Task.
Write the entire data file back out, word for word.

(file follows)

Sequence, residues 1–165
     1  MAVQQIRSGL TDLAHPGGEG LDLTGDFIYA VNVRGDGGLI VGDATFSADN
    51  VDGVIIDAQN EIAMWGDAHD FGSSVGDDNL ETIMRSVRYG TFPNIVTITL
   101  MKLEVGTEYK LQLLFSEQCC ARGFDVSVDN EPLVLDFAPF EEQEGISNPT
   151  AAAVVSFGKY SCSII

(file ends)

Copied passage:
Sequence, residues 1–165
     1  MAVQQIRSGL TDLAHPGGEG LDLTGDFIYA VNVRGDGGLI VGDATFSADN
    51  VDGVIIDAQN EIAMWGDAHD FGSSVGDDNL ETIMRSVRYG TFPNIVTITL
   101  MKLEVGTEYK LQLLFSEQCC ARGFDVSVDN EPLVLDFAPF EEQEGISNPT
   151  AAAVVSFGKY SCSII